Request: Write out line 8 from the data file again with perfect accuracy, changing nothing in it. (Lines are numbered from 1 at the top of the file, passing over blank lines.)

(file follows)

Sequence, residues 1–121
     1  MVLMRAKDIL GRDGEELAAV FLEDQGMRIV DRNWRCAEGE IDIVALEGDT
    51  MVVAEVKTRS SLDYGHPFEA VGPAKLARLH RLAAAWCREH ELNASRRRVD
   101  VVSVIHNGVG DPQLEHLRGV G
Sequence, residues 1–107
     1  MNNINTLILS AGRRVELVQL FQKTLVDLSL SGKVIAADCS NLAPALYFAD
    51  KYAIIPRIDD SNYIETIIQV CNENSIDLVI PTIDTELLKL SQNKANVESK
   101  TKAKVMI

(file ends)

   101  TKAKVMI